After 2 weeks of despair, I decided to refuse to accept that growth rod surgery was the only way. I spent every waking moment for a month, researching. I looked for anything and everything about scoliosis, growth rods, braces, syndromes, etc. I came upon the ISOP site for parents of kids in plaster casts, but was so confused, and thought it sounded too simple, too bizarre too work, so I saved the site, and moved on. After another month of searching, and finding nothing that gave me any hope, I went back to the CAST Support Group site and dove in. The more I read, the more I understood. The more I understood, the better I felt. All of a sudden, we had a choice! I gathered as much information as I could and took it with me to our next appointment at the hospital. The surgeon there refused to discuss casting, refused to watch “A New Direction”, 20 minute video, and insisted I schedule the surgery. When I still refused, and said I would need another opinion, he told us to come back in a few months and participate in a conference, where 30 or 40 other Dr.’s would look at Nicks’ case and give us another opinion. We were thrilled with that, although, when the time came, I was given about 2 minutes to state my case, and we were ushered out the door. A Dr. came out about 2 hours later and said they all agreed with me that Nicks’ body type wouldn’t tolerate growth rods, and they wanted to put him in a TLSO brace. I asked him if they would please consider plaster casting, and he said no, they don’t do that there, they aren’t trained for it, and he’d never heard of early treatment for Nicks condition. At that point I said, thanks for everything, but we’ll be going to Salt Lake City Shriners hospital in 2 months for their opinion, and hopefully from now on.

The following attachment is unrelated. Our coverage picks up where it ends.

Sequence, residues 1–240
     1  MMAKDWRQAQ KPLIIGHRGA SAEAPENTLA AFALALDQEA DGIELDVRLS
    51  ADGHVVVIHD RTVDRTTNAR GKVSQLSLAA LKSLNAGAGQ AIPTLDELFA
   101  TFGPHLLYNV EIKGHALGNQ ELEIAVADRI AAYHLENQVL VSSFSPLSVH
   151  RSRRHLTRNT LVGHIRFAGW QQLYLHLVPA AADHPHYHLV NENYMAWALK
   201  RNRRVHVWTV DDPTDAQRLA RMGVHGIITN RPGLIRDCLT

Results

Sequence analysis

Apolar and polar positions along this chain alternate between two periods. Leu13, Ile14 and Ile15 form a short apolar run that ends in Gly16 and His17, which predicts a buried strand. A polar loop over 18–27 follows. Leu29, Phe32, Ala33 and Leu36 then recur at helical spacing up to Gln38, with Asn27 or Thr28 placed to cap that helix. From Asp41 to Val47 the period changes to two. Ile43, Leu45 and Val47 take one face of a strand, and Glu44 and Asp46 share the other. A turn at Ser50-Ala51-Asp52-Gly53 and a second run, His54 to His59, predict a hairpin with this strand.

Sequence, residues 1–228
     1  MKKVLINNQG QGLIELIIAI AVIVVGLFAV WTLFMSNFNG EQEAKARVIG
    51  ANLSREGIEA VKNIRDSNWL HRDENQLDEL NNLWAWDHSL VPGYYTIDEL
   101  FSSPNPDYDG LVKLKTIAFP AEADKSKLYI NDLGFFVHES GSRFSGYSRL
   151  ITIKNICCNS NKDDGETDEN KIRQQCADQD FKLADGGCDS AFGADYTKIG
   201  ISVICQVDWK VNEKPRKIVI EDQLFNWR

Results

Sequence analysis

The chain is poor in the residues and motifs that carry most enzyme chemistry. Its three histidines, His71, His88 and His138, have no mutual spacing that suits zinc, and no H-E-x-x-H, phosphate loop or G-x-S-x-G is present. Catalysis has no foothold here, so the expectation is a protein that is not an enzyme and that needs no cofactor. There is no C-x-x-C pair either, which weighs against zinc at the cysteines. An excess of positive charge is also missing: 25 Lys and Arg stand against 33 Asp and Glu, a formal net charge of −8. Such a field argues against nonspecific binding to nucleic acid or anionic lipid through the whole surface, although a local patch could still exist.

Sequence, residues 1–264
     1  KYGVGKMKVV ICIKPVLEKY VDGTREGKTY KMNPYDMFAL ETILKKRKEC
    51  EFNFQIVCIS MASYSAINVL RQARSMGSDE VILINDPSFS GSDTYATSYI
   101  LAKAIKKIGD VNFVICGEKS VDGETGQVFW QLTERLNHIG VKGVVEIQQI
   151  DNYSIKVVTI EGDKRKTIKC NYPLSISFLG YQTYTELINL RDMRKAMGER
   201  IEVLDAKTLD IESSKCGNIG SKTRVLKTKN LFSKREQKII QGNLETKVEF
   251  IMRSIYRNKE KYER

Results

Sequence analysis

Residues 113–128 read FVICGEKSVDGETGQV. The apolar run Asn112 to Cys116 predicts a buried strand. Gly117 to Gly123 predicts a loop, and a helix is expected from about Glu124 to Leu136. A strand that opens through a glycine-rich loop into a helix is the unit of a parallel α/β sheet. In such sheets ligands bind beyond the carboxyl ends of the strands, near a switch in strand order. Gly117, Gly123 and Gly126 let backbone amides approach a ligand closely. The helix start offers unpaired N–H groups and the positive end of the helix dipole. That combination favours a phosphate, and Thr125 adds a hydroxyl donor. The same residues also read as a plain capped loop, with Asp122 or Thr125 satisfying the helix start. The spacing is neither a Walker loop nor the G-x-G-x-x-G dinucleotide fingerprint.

When we got to Shriners Hospital Intermountain, it was like a whole other planet. It was like all the months before I was speaking another language and no one understood me, and then, we got to Shriners in Salt Lake City, and everyone understood everything! Even though we were still scared to death for our son, we felt so relieved. We felt like we were finally in the right place. At the hospital in California, I had asked our first surgeon what his thoughts were on Marfans syndrome, thinking that my son exhibited some of the traits, and he told me that I didn’t want to go down that road, and that in the end, the geneticist would tell me the same thing he told me, to go for the surgery. I mention this because the first day we met the team at Shriners Intermountain, within 20 minutes, one of the Dr.’s asked me if I had had Nick tested for Marfans.
When Nick first started treatment at Shriners Intermountain, in March of 2005, his upper curve was over 65 degrees, his lower curve above 30 degrees, and he had some rotation of the spine. As of March 2006, his upper curve was reduced by about half, the lower by a few degrees, and the rotation is gone! Of course having a child in a series of plaster casts isn’t always sunshine and roses, but compared to the alternative, it’s a miracle for us. Nicks’ quality of life is so much better in a cast than it would have been if he’d had 4 or 5 surgeries with growth rods by now. I think about where Nick would be, physically and emotionally, if we had listened to that first surgeon, and I feel sick to my stomach. And then I thank God for finding the ISOP group, and Shriners Intermountain. We have avoided surgery for the time being, and his scoliosis has improved! I only wish we would have known to address the scoliosis when he was a baby, and to have him treated early with plaster casting then, I believe his spine would be straight by now, had we known about the early treatment casting process.